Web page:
1. Aaron Augenblick. In 1999 Augenblick created a charming little mini-comic, Tales of the Great Unspoken. It was inventive, clever, superbly crafted and very funny. It won a Xeric. It was, all in all, a great debut that showed enough promise to suggest that Augenblick had a great career ahead of him in comics. Then he decided to chuck it all and make animated cartoons for Adult Swim and MTV.
It’s a shame. The kid really could have really made a name for himself. Still, it’s not too late Aaron. You could give up all that sweet, sweet Nickelodeon money and come back to comics anytime …
• How have I blathered on all this time without calling attention to Derik Badman’s great volume by volume analysis of Osamu Tezuka’s Phoenix series? Obviously I need my head examined. (In backwards order, Karma, Yamato, Space, Future and Dawn).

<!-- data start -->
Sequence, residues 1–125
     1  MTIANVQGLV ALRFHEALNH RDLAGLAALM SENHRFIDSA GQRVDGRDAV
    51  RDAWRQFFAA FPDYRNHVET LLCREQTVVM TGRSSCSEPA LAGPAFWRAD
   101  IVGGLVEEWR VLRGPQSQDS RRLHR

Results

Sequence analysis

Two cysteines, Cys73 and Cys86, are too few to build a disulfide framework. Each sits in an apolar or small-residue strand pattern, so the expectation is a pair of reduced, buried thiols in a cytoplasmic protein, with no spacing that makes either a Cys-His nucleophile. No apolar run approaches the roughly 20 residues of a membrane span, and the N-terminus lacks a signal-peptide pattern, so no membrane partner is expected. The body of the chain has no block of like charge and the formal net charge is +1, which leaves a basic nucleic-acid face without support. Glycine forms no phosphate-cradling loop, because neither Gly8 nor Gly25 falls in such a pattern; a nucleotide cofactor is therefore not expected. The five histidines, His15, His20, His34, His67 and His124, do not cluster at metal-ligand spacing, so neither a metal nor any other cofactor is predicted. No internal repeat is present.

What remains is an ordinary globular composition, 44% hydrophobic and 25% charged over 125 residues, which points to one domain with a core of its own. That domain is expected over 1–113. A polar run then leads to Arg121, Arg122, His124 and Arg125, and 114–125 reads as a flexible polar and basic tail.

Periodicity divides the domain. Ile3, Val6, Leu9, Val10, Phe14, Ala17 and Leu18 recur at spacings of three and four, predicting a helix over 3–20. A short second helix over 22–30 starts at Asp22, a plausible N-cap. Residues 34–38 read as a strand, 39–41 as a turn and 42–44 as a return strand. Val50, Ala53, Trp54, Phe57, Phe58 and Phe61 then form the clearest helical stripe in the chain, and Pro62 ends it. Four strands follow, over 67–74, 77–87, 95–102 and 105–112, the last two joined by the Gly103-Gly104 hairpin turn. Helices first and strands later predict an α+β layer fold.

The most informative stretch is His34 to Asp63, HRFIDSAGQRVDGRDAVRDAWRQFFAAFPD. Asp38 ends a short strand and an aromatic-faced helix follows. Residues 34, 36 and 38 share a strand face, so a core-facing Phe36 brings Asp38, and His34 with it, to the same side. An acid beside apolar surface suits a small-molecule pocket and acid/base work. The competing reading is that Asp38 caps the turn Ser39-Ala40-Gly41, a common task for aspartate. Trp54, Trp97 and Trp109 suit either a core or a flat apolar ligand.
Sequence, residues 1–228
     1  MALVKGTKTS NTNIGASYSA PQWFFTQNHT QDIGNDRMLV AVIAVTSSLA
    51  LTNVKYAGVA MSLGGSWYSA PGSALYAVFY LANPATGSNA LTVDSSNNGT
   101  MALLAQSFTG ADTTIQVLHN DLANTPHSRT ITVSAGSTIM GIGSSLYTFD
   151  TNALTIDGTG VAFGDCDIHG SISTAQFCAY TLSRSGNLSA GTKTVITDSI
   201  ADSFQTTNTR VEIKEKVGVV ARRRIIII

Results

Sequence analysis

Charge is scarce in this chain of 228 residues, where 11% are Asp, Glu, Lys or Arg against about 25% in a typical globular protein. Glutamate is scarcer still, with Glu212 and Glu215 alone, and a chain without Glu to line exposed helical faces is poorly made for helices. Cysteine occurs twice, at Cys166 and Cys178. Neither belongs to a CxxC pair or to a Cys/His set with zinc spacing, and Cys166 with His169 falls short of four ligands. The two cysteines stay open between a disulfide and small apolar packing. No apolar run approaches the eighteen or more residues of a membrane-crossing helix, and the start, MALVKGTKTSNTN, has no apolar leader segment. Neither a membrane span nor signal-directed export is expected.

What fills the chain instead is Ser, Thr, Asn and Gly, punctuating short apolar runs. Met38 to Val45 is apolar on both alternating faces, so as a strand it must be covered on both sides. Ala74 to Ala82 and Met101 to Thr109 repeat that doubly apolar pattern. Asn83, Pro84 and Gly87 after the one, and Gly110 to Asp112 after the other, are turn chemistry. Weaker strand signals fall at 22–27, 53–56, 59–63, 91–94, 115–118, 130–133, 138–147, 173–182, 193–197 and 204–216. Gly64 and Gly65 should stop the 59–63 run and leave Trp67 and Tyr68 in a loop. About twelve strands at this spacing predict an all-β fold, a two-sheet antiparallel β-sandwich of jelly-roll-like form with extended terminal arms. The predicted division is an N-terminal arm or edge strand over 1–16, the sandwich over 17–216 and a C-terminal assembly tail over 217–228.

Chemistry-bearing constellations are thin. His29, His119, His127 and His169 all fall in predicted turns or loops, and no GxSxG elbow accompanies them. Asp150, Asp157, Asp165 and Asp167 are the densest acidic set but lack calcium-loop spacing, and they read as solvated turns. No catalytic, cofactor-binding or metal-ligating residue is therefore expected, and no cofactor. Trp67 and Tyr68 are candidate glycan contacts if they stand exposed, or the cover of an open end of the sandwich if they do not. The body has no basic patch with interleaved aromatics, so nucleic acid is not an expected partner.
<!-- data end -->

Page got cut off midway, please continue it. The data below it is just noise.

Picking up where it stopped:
• Craig Fischer has nice things to say about Patsy Walker: Hellcat : “It’s not designed to be immortal art–in other words, it’s not Raw or Love and Rockets–but as far as mainstream comics go, it’s clever and fun, virtues that are too easy to take for granted.”
• Takekuma Kentaro, co-author of Even a Monkey can Draw Manga wonders why the manga version of Hayao Miyazaki’s Naussica is so hard to read: “Each individual panel is too complete, and the characters and background are drawn with lines of equal thickness. This leads to the characters not standing out.”
• Awesome Engine is doing a series of posts on Go Nagai’s Violence Jack who lives up to his name rather well (link is so NSFW by the way).
• Paul Gravett provides an interesting look at the work of Italian comics artist Gianna DeLucca.